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Helen Harradine

What I have learnt from working in recruitment for half a decade

Helen Harradine is well known to many of our readers as a regular attendee of BookMachine events. Helen is celebrating her fifth workiversary with Inspired Selection this week! Here are five key lessons she has learnt from working in hashtag#recruitment for half a decade.

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Katie Cotton

The making of Greta and the Giants: going green in the children’s book industry

When the incredible text of Greta and the Giants landed on our desks, we knew that it wasn’t just an opportunity to publish a great book. It was an opportunity to look at how we publish books in general. Was there a way that we could do business (and still, let’s be honest, make money) but also be kinder to the environment?

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Anna Cunnane

Why publishing people make great coders

“Programming is like writing a book… except when you miss a single comma on page 126, the whole thing makes no sense” – Programmer humour

Many talented publishers think that they could never learn to code. They might think that it is too technical or too dry. They might assume that their proficiency with language has no application to computers. But programmers and publishing people have more in common than you might think. Programmers and writers both need to distill complex problems into clear, readable and actionable messages. Coding can be as aesthetically driven as any other art form and like writers the best programmers have technical ability and creative flair. So, what are some of the most common ways that coding overlaps with publishing?

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Cover designer interview: Anna Woodbine of The Woodbine Workshop

Anna Woodbine is an independent book designer and illustrator, based in the hills near Bath. She works on all sorts of book covers from children’s to adult’s, classics to crime, memoirs to meditation. She takes her tea with a dash of milk (Earl Grey, always), loves the wind in her face, clompy boots and that lovely, damp smell after its rained. Find her at thewoodbineworkshop.co.uk.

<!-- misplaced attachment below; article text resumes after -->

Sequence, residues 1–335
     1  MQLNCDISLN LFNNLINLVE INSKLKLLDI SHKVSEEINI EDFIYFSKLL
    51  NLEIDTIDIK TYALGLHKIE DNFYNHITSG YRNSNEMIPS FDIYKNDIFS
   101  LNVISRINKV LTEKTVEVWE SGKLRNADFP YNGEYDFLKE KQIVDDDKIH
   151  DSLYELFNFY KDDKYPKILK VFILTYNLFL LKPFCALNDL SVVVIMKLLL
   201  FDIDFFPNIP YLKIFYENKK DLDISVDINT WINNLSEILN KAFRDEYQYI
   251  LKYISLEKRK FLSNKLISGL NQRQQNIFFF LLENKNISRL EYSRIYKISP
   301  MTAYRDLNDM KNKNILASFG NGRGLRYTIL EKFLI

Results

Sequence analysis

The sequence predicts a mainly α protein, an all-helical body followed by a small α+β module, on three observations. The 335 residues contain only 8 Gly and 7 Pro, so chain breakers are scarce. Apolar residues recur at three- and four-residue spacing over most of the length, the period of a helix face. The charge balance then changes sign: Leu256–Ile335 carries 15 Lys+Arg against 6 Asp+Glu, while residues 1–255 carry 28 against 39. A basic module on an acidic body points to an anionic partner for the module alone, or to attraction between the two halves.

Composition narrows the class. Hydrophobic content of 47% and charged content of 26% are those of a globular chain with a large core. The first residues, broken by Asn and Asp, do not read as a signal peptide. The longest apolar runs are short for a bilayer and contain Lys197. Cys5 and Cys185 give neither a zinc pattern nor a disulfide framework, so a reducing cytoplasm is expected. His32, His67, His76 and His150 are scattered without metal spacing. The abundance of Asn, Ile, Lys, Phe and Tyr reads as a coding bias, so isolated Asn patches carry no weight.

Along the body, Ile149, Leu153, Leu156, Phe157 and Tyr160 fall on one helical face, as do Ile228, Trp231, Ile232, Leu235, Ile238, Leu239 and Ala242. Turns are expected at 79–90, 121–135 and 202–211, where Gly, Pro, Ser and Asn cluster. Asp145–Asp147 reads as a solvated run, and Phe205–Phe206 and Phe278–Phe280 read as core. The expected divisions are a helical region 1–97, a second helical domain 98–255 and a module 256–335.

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Karen Sullivan

Season of pumpkins, ghosts and… books? How Orentober made autumn bookish again

Karen Sullivan is the founder of the independent publisher Orenda Books (and Orentober!). Karen moved to the UK from Canada at the age of 21 and worked for a small independent publisher before forging a career as a health editor and writer. In this interview Karen explains how Orenda’s autumn marketing campaign Orentober began, and what its aims are.

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Melody Dawes

Keeping publishing flexible through outsourcing: interview with Just Content

Melody Dawes is the Managing Director of Just Content. With 20 years’ experience in educational and academic publishing, she set up Just Content in 2013, offering publishers and content providers an on-demand solution for outsourcing at scale. Here we interview Melody about her business.

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Ever Dundas

Introducing the Crip Collective: interview with Ever Dundas

What is the Crip Collective?

Crip Collective is an informal Facebook group for disabled people working in the publishing industry in the UK (including emerging writers and publishing students – all welcome!). The group is there to provide mutual support, share resources, and discuss the challenges we face in the industry.